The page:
Tag Archives: indian dance

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An archive of bharathanatyam videos

Follow the link for a truly amazing selection of bharathanatyam videos… Enjoy!

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Some random thoughts on what music means to me while dancing

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The chime of bells, I feel in my smile,

The dham of the mridangam is my heartbeat,

The staccato of the natuvangam, my calling into bliss,

 

The flute breathes stillness into my mind,

The violin flows into me, bringing lasya to my limbs,

The ragam creates emotion resonating through to my fingertips,

 

All sounds work as one… gathering my wandering self and focusing my energies onto one all-encompassing point…

 

Saraswathi Sloka

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Saraswati Namastubhyam
Varde Kaamarupini
Vidyarambham Karishyami
Siddhir Bhavatu Me Sadaa

Meaning:

My humble prostrations unto Thee, O Goddess Saraswati,

You are the fulfiller of all my wishes,

I start my studies, with the request that I achieve perfection in them.

image from http://trixinc.deviantart.com/art/Godness-Saraswathy-23598140


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The Bharatanatyam recital is structured like a Great Temple:

we enter through the gopuram (outer hall) of alarippu, cross the ardhamandapam (half-way hall) of jatiswaram, then the mandapam (great hall) of sabdam and enter the holy precinct of the deity in the varnam. This is the space which gives the dancer expansive scope to revel in the music, rhythm and moods of the dance. The varnam is the continuum which gives ever expanding room to the dancer to delight in her self-fulfillment, by providing the fullest scope to her own creativity as well as to the tradition of the art.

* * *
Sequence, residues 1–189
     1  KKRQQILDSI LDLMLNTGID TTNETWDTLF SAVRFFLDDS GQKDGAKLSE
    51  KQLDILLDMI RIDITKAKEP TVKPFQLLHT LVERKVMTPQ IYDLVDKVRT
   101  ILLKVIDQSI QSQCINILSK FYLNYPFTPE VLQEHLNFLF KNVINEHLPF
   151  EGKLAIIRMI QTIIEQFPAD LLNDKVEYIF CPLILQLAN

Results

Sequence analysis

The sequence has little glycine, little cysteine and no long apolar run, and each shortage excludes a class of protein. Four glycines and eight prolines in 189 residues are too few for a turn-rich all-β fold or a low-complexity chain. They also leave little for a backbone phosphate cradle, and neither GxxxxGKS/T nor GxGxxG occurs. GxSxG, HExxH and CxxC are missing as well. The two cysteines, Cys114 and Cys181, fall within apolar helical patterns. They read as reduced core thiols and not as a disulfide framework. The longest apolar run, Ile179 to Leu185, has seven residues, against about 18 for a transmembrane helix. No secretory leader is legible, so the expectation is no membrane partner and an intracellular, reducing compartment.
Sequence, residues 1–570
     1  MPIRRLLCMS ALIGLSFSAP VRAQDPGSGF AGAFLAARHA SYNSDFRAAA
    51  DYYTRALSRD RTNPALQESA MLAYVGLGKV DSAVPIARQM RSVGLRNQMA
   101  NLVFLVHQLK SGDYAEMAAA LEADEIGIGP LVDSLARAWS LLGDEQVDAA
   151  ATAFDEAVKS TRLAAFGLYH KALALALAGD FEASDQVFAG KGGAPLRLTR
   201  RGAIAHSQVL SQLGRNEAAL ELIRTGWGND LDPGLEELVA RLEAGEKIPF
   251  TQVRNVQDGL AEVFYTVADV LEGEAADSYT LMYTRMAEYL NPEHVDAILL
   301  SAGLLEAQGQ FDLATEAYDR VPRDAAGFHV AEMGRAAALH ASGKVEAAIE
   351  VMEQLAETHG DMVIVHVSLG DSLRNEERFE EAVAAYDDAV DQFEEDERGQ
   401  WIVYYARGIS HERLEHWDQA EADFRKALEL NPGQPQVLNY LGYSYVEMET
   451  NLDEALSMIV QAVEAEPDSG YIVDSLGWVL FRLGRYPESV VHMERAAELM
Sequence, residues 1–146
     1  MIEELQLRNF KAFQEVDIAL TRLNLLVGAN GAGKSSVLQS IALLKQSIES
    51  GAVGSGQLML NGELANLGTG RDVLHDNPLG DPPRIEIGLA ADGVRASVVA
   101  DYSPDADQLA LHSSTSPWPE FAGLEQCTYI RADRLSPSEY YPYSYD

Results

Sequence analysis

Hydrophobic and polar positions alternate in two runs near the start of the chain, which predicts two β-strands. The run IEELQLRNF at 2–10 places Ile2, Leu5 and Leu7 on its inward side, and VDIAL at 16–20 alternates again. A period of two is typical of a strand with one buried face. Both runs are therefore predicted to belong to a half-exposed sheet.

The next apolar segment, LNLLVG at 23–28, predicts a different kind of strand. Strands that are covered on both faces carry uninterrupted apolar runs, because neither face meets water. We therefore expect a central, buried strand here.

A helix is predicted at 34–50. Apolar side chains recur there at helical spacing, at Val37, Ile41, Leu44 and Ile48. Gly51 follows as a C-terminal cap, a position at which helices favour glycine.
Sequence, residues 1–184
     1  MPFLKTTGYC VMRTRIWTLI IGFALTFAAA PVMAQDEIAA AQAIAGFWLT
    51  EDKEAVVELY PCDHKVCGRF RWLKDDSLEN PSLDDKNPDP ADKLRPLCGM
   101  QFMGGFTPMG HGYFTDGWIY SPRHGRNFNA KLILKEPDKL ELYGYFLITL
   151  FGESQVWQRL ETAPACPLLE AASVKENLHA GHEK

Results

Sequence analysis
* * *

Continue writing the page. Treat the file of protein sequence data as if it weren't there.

Padams now follow. In dancing to padams, one experiences the containment, cool and quiet of entering the sanctum from its external precinct. The expanse and brilliance of the outer corridors disappear in the dark inner sanctum; and the rhythmic virtuosities of the varnam yield to the soul-stirring music and abhinaya of the padam. Dancing to the padam is akin to the juncture when the cascading lights of worship are withdrawn and the drum beats die down to the simple and solemn chanting of sacred verses in the closeness of god.

Then, the tillana breaks into movement like the final burning of camphor accompanied by a measure of din and bustle. In conclusion, the devotee takes to his heart the god he has so far glorified outside; and the dancer completes the traditional order by dancing to a simple devotional verse” 

A Margam beautifully described by the legendary T. Balasaraswati